This is a question that I constantly ask myself, it’s a difficult one. My parents are forever drumming into me don’t mind what white people say you are British because you were born here. Though I wonder does birth mean I have automatic rights to claim British citizenship.?
When the law changed in the 1980’s, a child born in the United Kingdom was automatically a British citizen if their mother was at the time of their birth. It was all based on your mothers identity. However a sneaky part of me wishes that my mother had kept her bajan status so I could claim that.
However bajan law has also changed before it used to be you could only gain bajan citizenship if your father was a bajan born individual. Though as my father is Jamaican born I wouldn’t have been able to access it that way. Now the updates in bajan laws on citizenship state that anyone who has family born in Barbados can apply for citizenship through descent. It will cost a fee of $300 bajan dollars which is roughly £150 converted into English currency.
The fact that Barbados and Jamaica and various other Caribbean countries, have changed laws were anyone born outside of the Caribbean can access citizenship means identifying yourself more complicated then you think. If you only had the choice to be British and nothing else you can see clearly in your mind that is who you are.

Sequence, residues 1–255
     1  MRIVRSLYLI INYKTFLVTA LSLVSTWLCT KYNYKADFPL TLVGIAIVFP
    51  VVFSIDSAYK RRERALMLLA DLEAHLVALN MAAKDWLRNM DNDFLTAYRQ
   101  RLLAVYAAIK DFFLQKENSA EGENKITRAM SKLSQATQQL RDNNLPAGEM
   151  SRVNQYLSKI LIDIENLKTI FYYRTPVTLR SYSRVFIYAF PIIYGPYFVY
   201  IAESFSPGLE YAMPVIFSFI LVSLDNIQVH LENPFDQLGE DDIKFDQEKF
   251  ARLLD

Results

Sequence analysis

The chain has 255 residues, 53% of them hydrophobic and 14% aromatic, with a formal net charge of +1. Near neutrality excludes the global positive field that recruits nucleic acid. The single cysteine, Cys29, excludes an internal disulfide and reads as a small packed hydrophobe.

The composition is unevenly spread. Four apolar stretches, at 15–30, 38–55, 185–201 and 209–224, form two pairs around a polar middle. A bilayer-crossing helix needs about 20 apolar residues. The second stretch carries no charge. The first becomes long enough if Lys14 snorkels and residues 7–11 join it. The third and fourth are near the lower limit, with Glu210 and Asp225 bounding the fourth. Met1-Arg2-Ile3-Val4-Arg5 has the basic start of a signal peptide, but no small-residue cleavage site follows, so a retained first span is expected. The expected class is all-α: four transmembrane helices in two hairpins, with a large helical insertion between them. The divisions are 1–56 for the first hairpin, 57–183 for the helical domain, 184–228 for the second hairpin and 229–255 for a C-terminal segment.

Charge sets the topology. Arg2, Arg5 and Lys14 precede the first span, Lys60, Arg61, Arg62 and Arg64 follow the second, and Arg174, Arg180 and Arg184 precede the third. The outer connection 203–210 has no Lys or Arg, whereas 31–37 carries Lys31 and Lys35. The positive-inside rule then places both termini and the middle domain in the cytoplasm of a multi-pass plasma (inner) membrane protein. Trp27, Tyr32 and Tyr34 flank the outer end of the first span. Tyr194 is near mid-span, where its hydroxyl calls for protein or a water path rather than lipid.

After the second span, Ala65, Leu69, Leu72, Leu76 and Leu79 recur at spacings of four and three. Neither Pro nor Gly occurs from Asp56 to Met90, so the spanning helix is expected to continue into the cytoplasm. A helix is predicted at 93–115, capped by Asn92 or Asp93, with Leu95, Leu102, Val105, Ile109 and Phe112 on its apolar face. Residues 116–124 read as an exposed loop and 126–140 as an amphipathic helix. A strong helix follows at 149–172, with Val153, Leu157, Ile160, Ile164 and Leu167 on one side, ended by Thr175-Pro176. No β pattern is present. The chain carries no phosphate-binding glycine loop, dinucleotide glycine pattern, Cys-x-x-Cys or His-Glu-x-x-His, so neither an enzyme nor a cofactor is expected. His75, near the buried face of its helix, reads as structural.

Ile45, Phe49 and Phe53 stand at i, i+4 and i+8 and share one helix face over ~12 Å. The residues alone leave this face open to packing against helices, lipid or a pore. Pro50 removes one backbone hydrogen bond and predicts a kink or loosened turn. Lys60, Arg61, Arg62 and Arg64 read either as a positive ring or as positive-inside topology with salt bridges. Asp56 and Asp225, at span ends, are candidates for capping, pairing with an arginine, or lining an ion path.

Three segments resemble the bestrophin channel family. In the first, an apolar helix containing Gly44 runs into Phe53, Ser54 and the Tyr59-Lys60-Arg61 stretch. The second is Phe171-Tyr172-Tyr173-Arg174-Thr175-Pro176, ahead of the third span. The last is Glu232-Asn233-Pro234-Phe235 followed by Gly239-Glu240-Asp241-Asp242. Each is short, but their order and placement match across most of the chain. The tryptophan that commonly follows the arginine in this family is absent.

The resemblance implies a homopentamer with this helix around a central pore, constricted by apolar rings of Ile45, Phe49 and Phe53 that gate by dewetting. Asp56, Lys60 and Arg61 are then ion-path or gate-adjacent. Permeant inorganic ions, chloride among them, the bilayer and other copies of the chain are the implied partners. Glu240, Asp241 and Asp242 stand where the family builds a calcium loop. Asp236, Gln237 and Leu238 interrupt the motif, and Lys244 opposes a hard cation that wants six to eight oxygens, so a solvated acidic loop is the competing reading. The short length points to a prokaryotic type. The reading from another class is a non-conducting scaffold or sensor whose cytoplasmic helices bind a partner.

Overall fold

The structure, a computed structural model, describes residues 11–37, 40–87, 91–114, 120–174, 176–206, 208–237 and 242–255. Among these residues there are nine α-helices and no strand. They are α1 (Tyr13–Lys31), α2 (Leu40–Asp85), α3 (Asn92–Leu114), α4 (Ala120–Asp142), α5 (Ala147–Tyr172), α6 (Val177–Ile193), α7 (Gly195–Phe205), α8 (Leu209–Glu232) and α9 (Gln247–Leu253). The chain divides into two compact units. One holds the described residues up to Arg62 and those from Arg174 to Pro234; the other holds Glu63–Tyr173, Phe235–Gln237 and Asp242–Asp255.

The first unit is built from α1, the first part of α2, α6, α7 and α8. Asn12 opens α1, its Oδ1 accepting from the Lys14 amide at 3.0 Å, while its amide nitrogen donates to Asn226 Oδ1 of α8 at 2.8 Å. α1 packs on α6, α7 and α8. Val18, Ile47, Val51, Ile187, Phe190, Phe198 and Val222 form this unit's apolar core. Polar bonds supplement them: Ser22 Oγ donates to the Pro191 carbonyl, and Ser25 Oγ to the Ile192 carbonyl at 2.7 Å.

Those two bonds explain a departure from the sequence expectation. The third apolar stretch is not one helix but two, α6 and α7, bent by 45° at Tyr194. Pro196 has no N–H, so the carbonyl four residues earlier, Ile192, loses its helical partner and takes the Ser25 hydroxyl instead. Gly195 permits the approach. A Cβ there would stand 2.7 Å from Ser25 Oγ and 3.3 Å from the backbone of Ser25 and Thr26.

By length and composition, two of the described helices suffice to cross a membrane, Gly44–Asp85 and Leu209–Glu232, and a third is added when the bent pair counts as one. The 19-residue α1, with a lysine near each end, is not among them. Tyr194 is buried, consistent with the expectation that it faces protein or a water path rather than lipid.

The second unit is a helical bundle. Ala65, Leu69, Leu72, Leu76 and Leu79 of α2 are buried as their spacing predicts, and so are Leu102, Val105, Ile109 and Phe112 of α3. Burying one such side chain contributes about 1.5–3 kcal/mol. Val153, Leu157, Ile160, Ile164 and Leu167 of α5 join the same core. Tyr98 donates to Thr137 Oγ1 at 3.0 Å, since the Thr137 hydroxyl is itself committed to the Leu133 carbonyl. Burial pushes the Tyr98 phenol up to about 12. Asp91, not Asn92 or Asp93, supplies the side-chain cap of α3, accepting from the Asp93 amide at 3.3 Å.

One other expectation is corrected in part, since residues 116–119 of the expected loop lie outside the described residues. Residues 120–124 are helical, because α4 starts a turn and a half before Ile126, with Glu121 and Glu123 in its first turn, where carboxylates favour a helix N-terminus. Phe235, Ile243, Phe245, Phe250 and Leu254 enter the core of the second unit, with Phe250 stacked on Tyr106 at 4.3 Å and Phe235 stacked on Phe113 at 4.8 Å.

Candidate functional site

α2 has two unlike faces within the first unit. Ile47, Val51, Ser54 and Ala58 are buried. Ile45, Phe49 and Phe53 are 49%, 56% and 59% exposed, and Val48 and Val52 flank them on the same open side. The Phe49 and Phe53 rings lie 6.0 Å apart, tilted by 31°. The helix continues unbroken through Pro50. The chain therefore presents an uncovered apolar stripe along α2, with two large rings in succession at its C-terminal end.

Despite white people constantly asking you where your from from? What does that even mean? They say where are you from I say I was born here in England. They say no really where are you from because your dark skin automatically blocks you from being assumed as British. You always have to be from somewhere else even, if you’re fourth or five generation born here in the United Kingdom these issues will still effect you don’t ever let your guard down.
I feel like an alien in the country I was born in, I visit my parents countries of origin to be told I’m an quote on quote ‘English gal’. However despite being called an English gal when I’m in either Barbados or Jamaica I still feel more at home there then I do here,
Spiritually I have never felt so at peace and content then when I’m in the Caribbean it’s a deeper connection to my roots. I feel the ancestors pull there, I hope to one day make the leap and move there permanently until then I’m constantly going to battle with self-identity issues and where did I fit into a racist society.
Where you’re born isn’t always your spirits home……
Written by Sistah Soul